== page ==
Wittenberg is pleased to host another Virtual Alumni College Lunch and Learn presentation, this time featuring four-time Fulbright recipient and Wittenberg University Professor Emeritus of Sociology Keith Doubt. Widely published, Doubt will examine the destructive impacts of war on society as explained in his latest book Sociocide: Reflections on Today’s Wars, from noon to 1:20 p.m. Wednesday, Aug. 4.
The session will kick off with a presentation and short film. Afterwards, Doubt will lead a thought-provoking dialogue covering the sociology of war. Those interested in participating in the virtual event are encouraged to register early here, as limited seats are available.
Author of six books on Bosnia and an expert on the sociological impact of the Bosnian War, Doubt coined the term “sociocide” to refer to the killing of a society. In his latest book, he expands his work to study contemporary wars in Iraq, Afghanistan, Syria, and other nations, and draws upon the fields of anthropology and philosophy in addition to sociology.
Doubt penned the book after class discussions with students in his War, Identity, and Justice seminar while ideas were fresh in his mind. The course focused on genocide, war crimes, nationalism, terrorism, and the concept of justice in the contemporary era.
Several members of the Wittenberg community were involved with the book. Peggy Hanna, retired department of sociology administrative assistant, and Sophia Reutter, class of 2020, provided editorial assistance, while Jeffrey Boucher, class of 2010 and one of Doubt’s former honors students, contributed to a chapter on Iraq. Boucher is currently an assistant general counsel for JPMorgan Chase Bank. Doubt and Boucher wrote an article on the subject that was published in 2009 in the journal Forum Bosnae. That article was later revised and published as a chapter in Sociocide.
Doubt has studied Bosnia for more than 25 years and spent several summers living and teaching there. Although he recently retired from teaching at Wittenberg, he has not retired from his academic pursuits, including translating a book of poetry by a Bosnian poet and working on a study about flying national flags at Bosnian weddings. He is currently on the Fulbright Specialist roster, which allows for short-term exchanges for U.S academics and established professionals at host institutions, including universities, government agencies, museums, medical institutions, or non-governmental organizations, around the world.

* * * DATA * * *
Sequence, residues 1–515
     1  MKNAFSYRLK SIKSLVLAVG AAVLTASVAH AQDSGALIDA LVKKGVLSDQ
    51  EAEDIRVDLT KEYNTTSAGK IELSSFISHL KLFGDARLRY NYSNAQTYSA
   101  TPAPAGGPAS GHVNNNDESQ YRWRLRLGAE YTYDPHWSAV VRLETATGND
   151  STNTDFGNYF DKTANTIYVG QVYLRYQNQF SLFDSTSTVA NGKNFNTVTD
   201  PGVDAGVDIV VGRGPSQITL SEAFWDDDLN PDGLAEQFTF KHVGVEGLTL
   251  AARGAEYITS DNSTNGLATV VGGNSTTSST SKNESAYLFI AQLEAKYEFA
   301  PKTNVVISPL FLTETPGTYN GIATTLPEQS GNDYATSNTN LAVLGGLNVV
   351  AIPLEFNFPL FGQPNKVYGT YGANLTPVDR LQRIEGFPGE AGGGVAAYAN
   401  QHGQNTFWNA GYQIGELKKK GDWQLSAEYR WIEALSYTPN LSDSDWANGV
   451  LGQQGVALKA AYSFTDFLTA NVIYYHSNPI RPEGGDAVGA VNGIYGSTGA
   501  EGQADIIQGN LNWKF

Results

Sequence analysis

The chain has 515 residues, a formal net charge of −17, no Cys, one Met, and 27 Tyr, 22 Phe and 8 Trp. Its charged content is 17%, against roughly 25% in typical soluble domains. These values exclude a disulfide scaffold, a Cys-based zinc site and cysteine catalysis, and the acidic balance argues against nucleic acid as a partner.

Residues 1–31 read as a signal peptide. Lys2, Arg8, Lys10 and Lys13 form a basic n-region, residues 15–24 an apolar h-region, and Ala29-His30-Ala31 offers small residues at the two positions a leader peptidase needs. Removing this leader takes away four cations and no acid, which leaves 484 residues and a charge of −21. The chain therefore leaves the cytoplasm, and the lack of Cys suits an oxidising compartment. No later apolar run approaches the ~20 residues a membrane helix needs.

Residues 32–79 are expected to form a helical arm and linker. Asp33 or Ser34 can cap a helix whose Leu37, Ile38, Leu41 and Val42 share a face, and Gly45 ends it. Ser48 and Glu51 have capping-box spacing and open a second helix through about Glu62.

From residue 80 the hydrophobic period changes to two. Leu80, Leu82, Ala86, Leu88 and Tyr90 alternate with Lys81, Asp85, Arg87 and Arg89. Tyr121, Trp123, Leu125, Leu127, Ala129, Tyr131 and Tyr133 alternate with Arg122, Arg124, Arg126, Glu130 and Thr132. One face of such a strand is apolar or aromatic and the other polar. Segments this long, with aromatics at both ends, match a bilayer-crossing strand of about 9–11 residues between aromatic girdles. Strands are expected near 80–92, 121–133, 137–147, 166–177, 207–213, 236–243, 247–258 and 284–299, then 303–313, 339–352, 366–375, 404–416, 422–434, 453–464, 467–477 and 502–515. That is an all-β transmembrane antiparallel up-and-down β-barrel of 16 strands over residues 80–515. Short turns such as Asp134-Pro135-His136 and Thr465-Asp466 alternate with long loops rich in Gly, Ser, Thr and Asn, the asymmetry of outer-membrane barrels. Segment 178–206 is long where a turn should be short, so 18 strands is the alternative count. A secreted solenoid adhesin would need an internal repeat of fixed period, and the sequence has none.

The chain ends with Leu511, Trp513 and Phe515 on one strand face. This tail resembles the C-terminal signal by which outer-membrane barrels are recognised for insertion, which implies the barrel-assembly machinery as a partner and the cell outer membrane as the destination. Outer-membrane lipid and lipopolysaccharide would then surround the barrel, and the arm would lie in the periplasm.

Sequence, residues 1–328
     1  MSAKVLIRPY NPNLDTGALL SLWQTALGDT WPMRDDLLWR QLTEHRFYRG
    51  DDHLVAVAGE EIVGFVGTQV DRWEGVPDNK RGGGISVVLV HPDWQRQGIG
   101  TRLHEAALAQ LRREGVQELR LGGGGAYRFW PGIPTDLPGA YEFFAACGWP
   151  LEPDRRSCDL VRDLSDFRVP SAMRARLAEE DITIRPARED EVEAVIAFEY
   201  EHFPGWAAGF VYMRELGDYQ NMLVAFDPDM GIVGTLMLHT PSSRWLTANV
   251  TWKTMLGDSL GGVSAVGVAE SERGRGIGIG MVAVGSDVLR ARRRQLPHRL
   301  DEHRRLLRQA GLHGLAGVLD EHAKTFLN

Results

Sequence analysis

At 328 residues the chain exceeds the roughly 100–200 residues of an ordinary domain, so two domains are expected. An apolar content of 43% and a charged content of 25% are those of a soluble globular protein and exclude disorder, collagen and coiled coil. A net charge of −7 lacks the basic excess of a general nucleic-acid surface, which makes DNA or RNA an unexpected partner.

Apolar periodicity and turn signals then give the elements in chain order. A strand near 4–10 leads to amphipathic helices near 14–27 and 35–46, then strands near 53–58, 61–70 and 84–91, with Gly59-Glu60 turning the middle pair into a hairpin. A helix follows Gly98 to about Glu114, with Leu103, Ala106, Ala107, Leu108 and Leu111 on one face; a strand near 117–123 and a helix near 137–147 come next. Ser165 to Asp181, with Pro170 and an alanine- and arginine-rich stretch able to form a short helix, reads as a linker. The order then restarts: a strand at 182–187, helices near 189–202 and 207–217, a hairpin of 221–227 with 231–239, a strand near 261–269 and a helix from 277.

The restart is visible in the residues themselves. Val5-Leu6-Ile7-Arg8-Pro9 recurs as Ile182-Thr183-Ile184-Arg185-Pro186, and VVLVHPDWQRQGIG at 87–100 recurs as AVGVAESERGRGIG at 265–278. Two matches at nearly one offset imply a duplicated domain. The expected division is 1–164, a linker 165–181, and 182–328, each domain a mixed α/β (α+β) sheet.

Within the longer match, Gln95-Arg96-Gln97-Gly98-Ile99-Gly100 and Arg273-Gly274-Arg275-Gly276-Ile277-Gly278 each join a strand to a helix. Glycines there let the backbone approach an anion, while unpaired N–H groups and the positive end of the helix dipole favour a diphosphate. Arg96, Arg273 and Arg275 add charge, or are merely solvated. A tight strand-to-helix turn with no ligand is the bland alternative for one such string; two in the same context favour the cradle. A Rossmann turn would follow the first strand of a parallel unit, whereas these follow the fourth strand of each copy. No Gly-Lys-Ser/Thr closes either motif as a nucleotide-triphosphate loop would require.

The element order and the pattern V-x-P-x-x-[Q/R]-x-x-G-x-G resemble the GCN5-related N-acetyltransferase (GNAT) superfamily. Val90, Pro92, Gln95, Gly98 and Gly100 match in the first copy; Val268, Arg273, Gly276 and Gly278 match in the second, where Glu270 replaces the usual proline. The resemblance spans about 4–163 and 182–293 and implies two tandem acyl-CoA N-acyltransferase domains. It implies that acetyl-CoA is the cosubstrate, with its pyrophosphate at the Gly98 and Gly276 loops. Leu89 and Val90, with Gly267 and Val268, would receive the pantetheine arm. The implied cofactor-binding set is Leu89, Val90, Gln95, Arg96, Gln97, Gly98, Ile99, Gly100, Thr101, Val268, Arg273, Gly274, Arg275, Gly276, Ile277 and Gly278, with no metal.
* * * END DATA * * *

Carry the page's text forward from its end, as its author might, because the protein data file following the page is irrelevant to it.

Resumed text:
Launched in 2020 as a way to keep students, faculty, staff, alumni, and community members engaged during the time of social distancing, the Virtual Alumni College on the Road series has brought Wittenberg’s personalized education straight to constituents’ homes. The program provides alumni with a unique learning opportunity, special access to Wittenberg faculty, and the ability to engage with fellow alumni through the Zoom platform.
The Aug. 4 event follows a robust series of programs featuring faculty members discussing several trending topics, including flattening the curve, climate change, race, and the global pandemic, a special book club session by visiting professor Andrew Graff, as well as an astronomical tour of the night sky. All Virtual Alumni College presentations are streamed live and can be viewed on a computer, tablet, or mobile device by those who pre-registered for the event. To see previous presentations, visit: https://www.wittenberg.edu/virtual-alumni-college